MUCH of the international community saw the Trump years as deeply destabilising for the world. The former US president acted not just irresponsibly and unpredictably but was intensely divisive both for his country and the world. His brand of populism was infused by xenophobic and racist views with his ‘America First’ slogan shaping his unilateralist foreign policy. At home he mainstreamed and emboldened the far right, fringe extremist groups and white supremacists who have become an enduring part of the American political landscape.
The world watched in horror when Trump refused to accept the results of the November 2020 presidential election, declined to cooperate in the transfer of power and incited a violent mob to storm Congress to prevent it from certifying the election result. This was followed by his historic impeachment on the charge of “incitement of insurrection”, becoming the only president to be impeached twice. Bob Woodward’s new book, Peril, co-authored with Robert Costa, chronicles these dramatic events and much more. It is the third in his trilogy, the first two being Fear and Rage about Trump’s turbulent time in office.
Woodward writes the ultimate ‘insider’ accounts about American presidents, politics and foreign policy. His 2010 book Obama’s War has lost little of its relevance, and is worth revisiting after America’s chaotic withdrawal from Afghanistan. It shines a light on the internal ‘wars’, policy rifts and personality clashes in the Obama administration over the course to follow in America’s longest war. The policy muddle and strategic flaws in Washington’s approach to Afghanistan are persuasively recounted based on authoritative sources.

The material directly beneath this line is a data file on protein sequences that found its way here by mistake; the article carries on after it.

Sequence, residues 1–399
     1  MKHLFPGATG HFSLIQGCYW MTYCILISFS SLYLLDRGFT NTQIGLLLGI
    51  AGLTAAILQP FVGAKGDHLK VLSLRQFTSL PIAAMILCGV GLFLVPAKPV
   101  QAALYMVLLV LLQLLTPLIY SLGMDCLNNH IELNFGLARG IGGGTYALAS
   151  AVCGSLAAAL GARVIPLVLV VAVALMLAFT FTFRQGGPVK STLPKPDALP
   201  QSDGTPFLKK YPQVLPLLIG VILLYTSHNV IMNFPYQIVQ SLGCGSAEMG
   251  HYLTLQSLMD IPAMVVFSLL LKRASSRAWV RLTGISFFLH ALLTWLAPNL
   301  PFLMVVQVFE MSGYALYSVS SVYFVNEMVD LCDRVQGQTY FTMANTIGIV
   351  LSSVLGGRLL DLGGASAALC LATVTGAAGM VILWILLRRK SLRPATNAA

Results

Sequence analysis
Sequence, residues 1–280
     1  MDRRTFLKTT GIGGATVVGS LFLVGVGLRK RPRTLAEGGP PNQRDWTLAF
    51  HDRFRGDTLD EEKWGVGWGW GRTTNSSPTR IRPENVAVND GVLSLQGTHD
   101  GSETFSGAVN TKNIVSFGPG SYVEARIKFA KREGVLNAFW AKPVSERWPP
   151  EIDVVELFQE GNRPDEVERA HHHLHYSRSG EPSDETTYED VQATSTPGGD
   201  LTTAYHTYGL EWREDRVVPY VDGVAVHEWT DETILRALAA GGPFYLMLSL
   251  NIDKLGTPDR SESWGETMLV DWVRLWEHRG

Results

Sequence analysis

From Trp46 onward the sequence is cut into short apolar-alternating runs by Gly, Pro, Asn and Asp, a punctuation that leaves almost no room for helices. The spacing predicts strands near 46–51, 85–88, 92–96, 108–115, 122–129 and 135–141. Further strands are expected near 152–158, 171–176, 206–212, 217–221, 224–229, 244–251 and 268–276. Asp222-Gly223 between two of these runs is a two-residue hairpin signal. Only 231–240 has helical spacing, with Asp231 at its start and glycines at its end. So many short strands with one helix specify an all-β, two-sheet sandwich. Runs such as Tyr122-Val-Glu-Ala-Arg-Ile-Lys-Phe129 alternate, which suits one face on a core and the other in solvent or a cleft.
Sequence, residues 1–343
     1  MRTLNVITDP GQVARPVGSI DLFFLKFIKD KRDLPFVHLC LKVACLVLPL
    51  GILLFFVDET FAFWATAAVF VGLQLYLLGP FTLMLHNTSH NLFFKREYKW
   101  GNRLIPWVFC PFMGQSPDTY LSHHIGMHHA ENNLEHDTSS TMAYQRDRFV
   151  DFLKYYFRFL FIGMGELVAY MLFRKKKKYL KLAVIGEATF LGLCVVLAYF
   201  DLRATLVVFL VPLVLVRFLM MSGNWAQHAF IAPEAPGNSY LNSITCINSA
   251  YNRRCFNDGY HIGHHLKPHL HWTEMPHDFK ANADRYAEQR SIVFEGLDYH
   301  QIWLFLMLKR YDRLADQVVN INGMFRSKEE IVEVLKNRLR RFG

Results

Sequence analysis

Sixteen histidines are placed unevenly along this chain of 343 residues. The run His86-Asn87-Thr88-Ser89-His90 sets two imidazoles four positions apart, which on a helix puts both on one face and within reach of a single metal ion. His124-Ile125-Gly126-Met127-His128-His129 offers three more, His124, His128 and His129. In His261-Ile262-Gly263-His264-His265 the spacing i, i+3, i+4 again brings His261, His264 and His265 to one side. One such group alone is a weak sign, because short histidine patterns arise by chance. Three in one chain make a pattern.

His new book is just as compelling. The most sensational disclosure for which it received much pre-publication publicity is how the senior-most US military officer assured his Chinese counterpart that America wasn’t about to attack his country given the alarm both in China and elsewhere that an increasingly unhinged Trump might “go rogue” and order a military strike. This episode forms the book’s prologue. Another chapter describes this in more detail as also Gen Mark Milley’s conversation with Nancy Pelosi, Speaker of the House of Representatives, during which she sought assurances that Trump would be prevented from any reckless course including resort to nuclear weapons.
A compelling new book chronicles the dramatic events that almost pushed America over the edge.
These disclosures triggered intense controversy which echoed in recent Congressional hearings on Afghanistan when Milley, chairman of the joint chiefs of staff, was asked if they were true. He acknowledged he made two calls to Gen Li Zoucheng of PLA, one before and another after the election, because the Chinese were worried about a US attack. But he said this with the knowledge of top Trump officials and also because he was mandated to ensure “strategic stability”. As for the conversation with Pelosi he told lawmakers he had “sought to assure her that nuclear launch is governed by a very specific and deliberate process”. He also acknowledged he had been interviewed by Woodward. In fact, the book seems to rely heavily on Milley’s accounts of events. He was among more than 200 people interviewed by the authors.